|PRICE:||$15.00 'second hand'|
|NOTES:||Microscale AC72-0061 decals|
Oh no, Iím not going to make a fool of myself by spouting off about a subject this well known and covered. If I have to say something in this section: It was the USís first operational swept wing fighter (which someone will likely challenge, anyway).
In a previous review I mentioned that I was trying to hunt up a Heller F-86 because Iíd heard it was a quick, easy, cheap, and foolproof build. I did and it was. Except the last may be a function of how much a fool, or an oaf, might be its builder. The molds date back to the previous century, but betray their age only by mixing raised and recessed panel lines. Parts are clean and crisp; fitting together without filling, filing, fidgeting, or fuming. Landing gear may be the most intricately detailed of any on the market, or after-market.
By current standards the canopy is a bit thick, but it is clear enough to see within the correctly shaped seat, instrument panel and side consoles, both with raised detail, and accurate control stick. (How many out there know that it is a Joyce stick, after its inventor, not a joy stick? Thereís a powerful bit of pedantry!)
Nothing is worth noting, except a warning that the gear and brake doors lack locating lips to hold them level with the fuselage and wing surface if mounted closed. One trick to keep them from sinking into their wells as the glue dries, is to hold them in place with globs of Blue Tack, or similar gummy stuff, then flow liquid cement into the joint.
There are no alignment tabs to hold the horizontal stabilizers at the proper angle. I got it right on first try, but after knocking them off several times ended up with too little dihedral.
Sabres were rarely seen without aux fuel tanks, but dirtying up those sexy swept wings seemed a capital offense. This one has just returned from an encounter over the Yalu, where they had to be jettisoned.
|COLORS & MARKINGS|
This was a third and final attempt to achieve a panelized NMF with Alclad II. After stripping the resultant mess in brake fluid dosed with turpentine, I sprayed everything with a uniform coat of the only metal paint available Ė Testors square bottle aluminum. This stuff dries looking like aluminum lacquer. No problem there, since thatís precisely what most Sabres wore in actual service, particularly Herr Huff.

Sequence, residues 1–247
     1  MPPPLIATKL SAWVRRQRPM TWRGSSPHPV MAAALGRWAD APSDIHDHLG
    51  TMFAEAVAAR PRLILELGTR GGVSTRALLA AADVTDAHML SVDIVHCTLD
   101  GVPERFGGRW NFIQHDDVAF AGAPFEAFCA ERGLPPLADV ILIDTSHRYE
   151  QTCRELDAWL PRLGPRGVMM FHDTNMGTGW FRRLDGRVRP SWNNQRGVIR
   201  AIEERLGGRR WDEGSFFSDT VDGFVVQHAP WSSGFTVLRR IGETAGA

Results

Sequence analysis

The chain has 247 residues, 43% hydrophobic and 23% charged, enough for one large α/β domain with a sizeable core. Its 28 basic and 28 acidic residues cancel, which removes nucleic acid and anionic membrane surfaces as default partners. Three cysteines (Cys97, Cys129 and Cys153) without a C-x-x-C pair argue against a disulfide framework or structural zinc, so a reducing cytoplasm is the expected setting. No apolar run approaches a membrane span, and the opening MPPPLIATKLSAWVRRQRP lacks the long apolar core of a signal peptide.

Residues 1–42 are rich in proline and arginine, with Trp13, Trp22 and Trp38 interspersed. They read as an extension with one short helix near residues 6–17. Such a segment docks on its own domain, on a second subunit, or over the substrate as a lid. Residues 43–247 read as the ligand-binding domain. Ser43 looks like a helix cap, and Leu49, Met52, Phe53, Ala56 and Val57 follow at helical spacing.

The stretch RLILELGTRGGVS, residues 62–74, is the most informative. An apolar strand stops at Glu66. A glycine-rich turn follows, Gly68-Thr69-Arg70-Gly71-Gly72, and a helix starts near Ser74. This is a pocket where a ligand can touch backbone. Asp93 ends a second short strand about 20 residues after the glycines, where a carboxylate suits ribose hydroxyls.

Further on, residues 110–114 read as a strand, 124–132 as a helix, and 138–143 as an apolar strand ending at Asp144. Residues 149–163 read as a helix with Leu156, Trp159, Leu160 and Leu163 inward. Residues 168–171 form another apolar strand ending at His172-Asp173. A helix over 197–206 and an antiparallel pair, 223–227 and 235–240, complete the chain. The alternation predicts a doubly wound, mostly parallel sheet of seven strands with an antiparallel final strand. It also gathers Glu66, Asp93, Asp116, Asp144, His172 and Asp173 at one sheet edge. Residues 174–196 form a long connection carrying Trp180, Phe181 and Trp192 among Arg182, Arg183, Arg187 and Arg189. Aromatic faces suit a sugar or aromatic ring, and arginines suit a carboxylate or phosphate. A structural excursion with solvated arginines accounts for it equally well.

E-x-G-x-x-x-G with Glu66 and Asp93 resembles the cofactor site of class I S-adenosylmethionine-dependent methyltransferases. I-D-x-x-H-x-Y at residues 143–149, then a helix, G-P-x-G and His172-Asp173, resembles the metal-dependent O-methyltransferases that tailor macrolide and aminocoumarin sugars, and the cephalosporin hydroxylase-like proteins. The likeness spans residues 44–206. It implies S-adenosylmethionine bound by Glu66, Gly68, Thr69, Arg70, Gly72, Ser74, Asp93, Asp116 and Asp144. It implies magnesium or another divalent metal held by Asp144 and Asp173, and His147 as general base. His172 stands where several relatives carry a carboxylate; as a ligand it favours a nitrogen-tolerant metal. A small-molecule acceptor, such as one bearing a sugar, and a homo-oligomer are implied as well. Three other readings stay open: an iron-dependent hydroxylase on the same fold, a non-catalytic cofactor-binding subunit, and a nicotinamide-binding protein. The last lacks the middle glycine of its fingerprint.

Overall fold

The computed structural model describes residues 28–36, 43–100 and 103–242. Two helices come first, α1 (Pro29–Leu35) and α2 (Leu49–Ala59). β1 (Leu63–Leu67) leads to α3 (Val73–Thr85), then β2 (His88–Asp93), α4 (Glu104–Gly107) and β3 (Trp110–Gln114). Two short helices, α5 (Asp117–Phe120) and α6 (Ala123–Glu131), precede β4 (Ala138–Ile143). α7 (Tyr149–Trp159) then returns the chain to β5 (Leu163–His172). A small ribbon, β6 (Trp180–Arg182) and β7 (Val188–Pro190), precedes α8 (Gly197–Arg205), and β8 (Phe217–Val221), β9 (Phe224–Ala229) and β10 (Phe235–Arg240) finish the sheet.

Heller sold this kit in many boxes and markings. This one came with transfers for a German machine, and for John Glennís Korean War mount, Mig Mad Marine. The sheet was too far gone to save. A week of sun bleaching in a south window cured the yellowing, but fused the decals to the backing paper. I had exhausted the spares bin with a prior throw-away jet, and was loathe to spring twice the cost of the kit on a new sheet. Then the Dow Jones Industrial Average topped 25K and I figured: What am I saving it for Ė coffin stuffing?
The only known eye-catching scheme was out of print - a plane of the Skyblazers demo team. Several were offered on line, but trusting someone elseís old sheet seemed unwise, particularly at e-Bay prices. I had to settle for a recent Microscale re-issue of the same-old-same-old: The Huff coupled with Beauteous Butch II. At least the quality was excellent. They settle down without setting fluids, but snuggle tighter with the Microscale system of Micro-set and Micro-sol; all of which was essential for laying down the black outline stripes on the yellow wing and fuselage bands (which must be painted on), and the assorted pencil line-thin whatever-they-are red line markings. A coating of Future sealed everything for the future.
Bits and pieces went on just fine. Raised details on the instrument panel and consoles got a wash (actually, gouache Ė more pedantry) of diluted black gloss, so the MS decals could be saved for later.
I briefly toyed with the notion of vac-ing a thinner canopy to show off all that stuff, but restrained myself with the reminder that this was supposed to be a quick and simple job. Canopy framing is thick and sharp enough to do a decent hand-brushing job, but Model Master silver chrome enamel didnít show up that well. I tried something new: first a coat of acrylic flat black, then the metal hue. Worked pretty well, and will become primary transparency framing technique.
When I went to hand paint all the stick-ons I found the port landing gear door missing in action. Cursed a few times, searched the workbench, cursed a few more times, checked the folds of my clothes and desk chair, cursed more and scoured the carpet. Set loose Rosie Roomba, the vacuuming robot, checked her filter and dust bin. Cursed up a blue streak, then spent a whole 10 minutes shaping a snippet of flat plastic into a replacement. Later, after the project was finished, the photos taken, and the plane snug and cozy on the shelf, I discovered the missing door still attached to the sprue. Thatís why I enjoy this hobby. It has such a calming effect.
Ho hum Ė another Huff-jet. Well, at least itís not another Messy-schmidt 109.
9 February 2018
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